Trending Topics

Ala. county buys defibrillators for police patrol cars

“The deputies are not EMTs or paramedics, but these devices cannot do the patient any harm,” said Morgan County Safety Coordinator Jonathan Warner


“Time is a crucial component when it comes to receiving lifesaving care,” said Morgan County Sheriff Ron Puckett.

Image/Morgan County Sheriff’s Office

Michael Wetzel
The Decatur Daily

MORGAN COUNTY, Ala. — Morgan County sheriff’s deputies will be better equipped to save lives beginning in March after the County Commission agreed Tuesday to purchase 30 semiautomatic defibrillators that officials said are easy to use.

The 30 Lifepak CR2 automatic external defibrillators and CPR rescue kits from Sterlington Medical based in Houston cost $44,520. The money for the lifesaving equipment is coming out of the general fund, Commission Chairman Ray Long said. Each unit costs $1,450 with CPR kits and shipping fees additional.

“Time is a crucial component when it comes to receiving lifesaving care,” Morgan County Sheriff Ron Puckett said Tuesday afternoon. “Often when we get a call, our deputies are the first emergency responders on the scene and now will be able to deploy an AED that can save a life.”

Morgan County Safety Coordinator Jonathan Warner said the AED, or automatic external defibrillator, units come with visual and audio instructions.

“I’ll be doing some basic training with the deputies,” said Warner, who also works as a firefighter in Hartselle. “I’m going to walk them through the process so they feel comfortable using it. The deputies are not EMTs or paramedics, but these devices cannot do the patient any harm.”

He said once the pads — “not the paddles like you see in the movies” — are placed on the skin of the patient, the device analyzes the heart rhythm.

“The great thing about these devices is they won’t shock them if they don’t need to be shocked,” Warner said. “If the patient is in a shockable rhythm, the device will tell you.”

All rescuers must be at least 1 foot away from the patient when a large button is pressed to shock the patient, he said.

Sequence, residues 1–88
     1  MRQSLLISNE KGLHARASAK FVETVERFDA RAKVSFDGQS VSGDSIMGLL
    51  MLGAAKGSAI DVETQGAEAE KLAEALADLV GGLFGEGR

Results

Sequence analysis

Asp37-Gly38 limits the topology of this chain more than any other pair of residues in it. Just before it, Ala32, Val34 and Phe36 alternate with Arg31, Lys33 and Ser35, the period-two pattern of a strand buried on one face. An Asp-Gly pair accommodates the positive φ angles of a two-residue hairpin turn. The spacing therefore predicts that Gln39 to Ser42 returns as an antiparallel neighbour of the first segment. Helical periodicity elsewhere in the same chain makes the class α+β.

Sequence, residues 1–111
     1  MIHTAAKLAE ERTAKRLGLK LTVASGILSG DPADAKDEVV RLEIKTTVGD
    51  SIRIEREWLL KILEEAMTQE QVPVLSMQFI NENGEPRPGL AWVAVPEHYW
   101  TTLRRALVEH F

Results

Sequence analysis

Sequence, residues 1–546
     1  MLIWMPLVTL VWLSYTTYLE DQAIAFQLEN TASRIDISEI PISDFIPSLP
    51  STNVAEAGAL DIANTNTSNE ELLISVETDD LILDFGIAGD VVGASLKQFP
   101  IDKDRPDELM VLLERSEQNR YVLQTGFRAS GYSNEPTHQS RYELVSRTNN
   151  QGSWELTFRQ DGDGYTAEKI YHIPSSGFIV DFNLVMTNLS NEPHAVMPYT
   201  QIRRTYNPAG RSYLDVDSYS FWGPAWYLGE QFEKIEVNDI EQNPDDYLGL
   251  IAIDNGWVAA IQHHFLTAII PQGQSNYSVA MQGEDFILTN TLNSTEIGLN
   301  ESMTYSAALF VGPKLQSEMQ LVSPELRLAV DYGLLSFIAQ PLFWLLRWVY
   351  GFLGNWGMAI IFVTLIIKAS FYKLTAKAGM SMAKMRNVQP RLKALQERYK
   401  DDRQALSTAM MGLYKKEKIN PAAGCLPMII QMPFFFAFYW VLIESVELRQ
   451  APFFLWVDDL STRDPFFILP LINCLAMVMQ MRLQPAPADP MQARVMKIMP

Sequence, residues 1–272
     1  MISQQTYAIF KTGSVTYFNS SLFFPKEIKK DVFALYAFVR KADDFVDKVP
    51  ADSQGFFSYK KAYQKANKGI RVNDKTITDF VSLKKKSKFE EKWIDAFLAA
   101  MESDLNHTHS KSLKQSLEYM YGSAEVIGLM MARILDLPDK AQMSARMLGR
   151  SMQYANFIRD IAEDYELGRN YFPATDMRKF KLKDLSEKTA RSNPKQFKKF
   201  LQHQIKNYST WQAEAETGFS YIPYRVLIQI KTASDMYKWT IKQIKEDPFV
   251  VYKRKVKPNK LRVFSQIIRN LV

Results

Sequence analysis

The AEDs come with real-time audio instructions for the deputies and have separate settings for adult and pediatric patients.

In the purchase, the department also received 30 CPR kits that include masks, gloves, scissors, razors, disinfectant wipes and non-breathers.

Warner said for responders doing breath resuscitation, the non-breathers — devices that prevent vomit from entering the patient’s airway — are a must. “When you get air going into the stomach, it’s going to come back up. You want something that is one way. The non-breathers are that.”

The devices are expected to arrive in early March.

Last week, 24 AEDs were distributed to volunteer fire departments across the county.

Lawrence County sheriff’s Patrol Lt. Lucas Jenkins said his department has 13 similar devices, the Zoll AED Plus. He said they are in patrol cars and with school resource and courthouse officers.

“We’ve had them about two months, and our deputies, fortunately, haven’t had to use them yet,” he said. “We have them and our guys are trained. The majority of the time, deputies are the first one on the scene of an emergency.”

Lawrence County sheriff’s Chief Deputy Brian Covington said a grant through the Alabama Department of Public Health paid for the devices.

In Limestone County, spokeswoman Michelle Williamson said AEDs for the sheriff’s deputies’ vehicles have been discussed. “We’re always looking for grant money to help fund a purchase like this,” she said.


(c)2022 The Decatur Daily (Decatur, Ala.)

Jury selection begins Monday for Aurora Fire Department paramedics Jeremy Cooper and Lt. Peter Cichuniec
Medic Squad 63 of Kern County Fire Department resuscitated a cardiac arrest patient before transporting them to the hospital
How to protect yourself and your patients, and take action
POCUS, ECG and assessment findings to look for to avoid the RV spiral of death